Mona Shield Payne
Tuesday, Aug. 27, 2013 | 2 a.m.
It’s the first day of school at Cheyenne High, and Colin Snyder is standing outside his classroom, shaking hands with every student who walks through his door.
“Good morning,” the ninth-grade honors English teacher says, looking each pupil in the eyes. “Come on in. Have a seat.”
The first bell rings shortly after 7 a.m. and Snyder swiftly closes the door. Moments later, a booming voice comes on the loudspeakers, echoing across this North Las Vegas campus.
After leading the Pledge of Allegiance and pausing for a 30-second moment of silence, the disjointed voice ends the morning broadcast with a cheery, “Have a great Cheyenne day.”
“That’s Sgt. Major Schoolfield,” Snyder tells his class of 23 freshmen. “You’ll be hearing from him every day. If you’re interested in signing up for ROTC, he’s the one to see.”
Even though it’s Snyder’s first year teaching, the 23-year-old educator acts with an aura of confidence that usually comes with years of experience and familiarity with a school.
For Snyder, the first day of school at Cheyenne is something of a homecoming.
The Cheyenne High School graduate, class of 2008, is starting his career at his alma mater, teaching about 200 members of the Cheyenne class of 2017.
“Good morning. My name is Mr. Snyder,” he says, introducing himself. “It wasn’t too long ago that I was in your shoes.”
• • •
Braving rain and backed-up roads, more than 312,000 Clark County students returned to school Monday, signaling the start of another year for the nation’s fifth-largest school system.
The School District’s 18,000 teachers have been preparing for this day for the past couple of weeks, cleaning campuses, creating lessons plans and decorating classrooms.
This year, the district welcomed 1,800 new teachers — including Snyder. For many of these educators, the first day of school brought about the same nervousness their students felt on their first day.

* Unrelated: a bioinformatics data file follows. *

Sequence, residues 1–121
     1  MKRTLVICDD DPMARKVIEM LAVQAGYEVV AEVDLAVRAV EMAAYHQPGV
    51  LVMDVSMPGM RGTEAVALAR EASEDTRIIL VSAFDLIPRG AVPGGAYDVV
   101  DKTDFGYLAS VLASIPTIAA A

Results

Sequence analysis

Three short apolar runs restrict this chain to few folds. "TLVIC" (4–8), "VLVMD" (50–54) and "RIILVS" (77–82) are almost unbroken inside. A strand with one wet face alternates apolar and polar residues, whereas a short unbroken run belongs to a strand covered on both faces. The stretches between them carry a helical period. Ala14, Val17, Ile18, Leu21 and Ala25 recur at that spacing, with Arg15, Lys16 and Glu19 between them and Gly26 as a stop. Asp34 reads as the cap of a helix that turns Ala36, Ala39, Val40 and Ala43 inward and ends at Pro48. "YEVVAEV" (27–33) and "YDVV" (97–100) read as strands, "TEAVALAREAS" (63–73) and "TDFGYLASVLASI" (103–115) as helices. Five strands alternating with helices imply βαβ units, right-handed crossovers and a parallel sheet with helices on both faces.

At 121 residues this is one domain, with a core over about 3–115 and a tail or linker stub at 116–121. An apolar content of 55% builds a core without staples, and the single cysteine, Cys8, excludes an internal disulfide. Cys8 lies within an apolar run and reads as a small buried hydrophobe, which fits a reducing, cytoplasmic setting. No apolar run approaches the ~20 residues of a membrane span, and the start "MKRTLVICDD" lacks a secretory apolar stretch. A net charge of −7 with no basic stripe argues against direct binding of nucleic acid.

“I’m a bit anxious,” Snyder said, looking around his new classroom. “It’s weird to be back.”
Snyder fell in love with literature nearly a decade ago during the ninth grade, sitting in a classroom similar to this one at Cheyenne.
It was Jennifer Joseph’s English honors class, and their assignment was to act out William Shakespeare’s “Romeo and Juliet,” a freshman-year classic.
Joseph, now 43 and an instructional coach at Cheyenne, recalls asking the class for volunteers to play Juliet Capulet. No one wanted the role — except Snyder.
Snyder did a great job portraying the tragic character, and for the rest of the year he signed his class assignments with “Colin Capulet,” Joseph said, chuckling at the memory.
As a learning strategist, Joseph will work closely with Snyder to help him grow as a teacher this year.
Already, Snyder has plans to adapt Joseph’s lesson on “Romeo and Juliet,” asking his students to write Twitter messages and blog posts from the perspective of Shakespeare’s characters. Snyder believes incorporating digital tools will help 21st-century students relate to characters from the 16th century.
“He’s a goofy, versatile kind of guy,” Joseph said of Snyder. “I think he’s going to be an amazing teacher.”
• • •
After graduating from Cheyenne, Snyder majored in education at UNR. Last year, Snyder returned to Cheyenne to student teach.
“I owe my love of learning to Cheyenne,” he said of his decision to return. “Mrs. Joseph is the reason why I wanted to become a teacher.”
Cheyenne has a growing cadre of young alumni-teachers. Snyder is the fourth Cheyenne teacher who also is a Cheyenne graduate.
For these alumni-teachers, their homecoming is often a lesson in adopting a new identity.
“My teachers are now my colleagues, and I’m calling them by their first names,” Snyder said. “Our roles have changed.”
And although Snyder views Cheyenne as a “time capsule,” his alma mater has changed since he graduated five years ago.
There was a time when the parking lot at Cheyenne was full of students' cars. The recession changed all that.
Last year, Cheyenne was named a Title I school, eligible for the first time for federal assistance because of its burgeoning population of students in need.
The school now has more minority students and those who don’t speak English at home. This year, only 191 of the nearly 500 Cheyenne seniors are on track to graduate.
Despite these growing challenges, Joseph credits the close-knit staff Cheyenne was able to cultivate in recent years for enticing alumni back to campus.
“The fact that these graduates want to come back here really says a lot about our school,” Joseph said. “We try to be more than a place where students get a pencil and a book. It takes a village to raise a kid.”
Young and energetic, Snyder plans to tackle Cheyenne’s challenges head on this year. He wants to help his freshmen navigate the transition from middle school to high school and prepare them to pass the proficiency exams on their first try next year.
Ultimately, he hopes to imbue the same love of literature that Joseph instilled in Snyder when he was a student.
And that makes the teaching profession so rewarding, Joseph said.
“It makes me feel that I did my job, to empower a student to love what you teach so much they come back to do what you do,” he said. “I’m so proud. I’m like a parent, bursting at the seams.”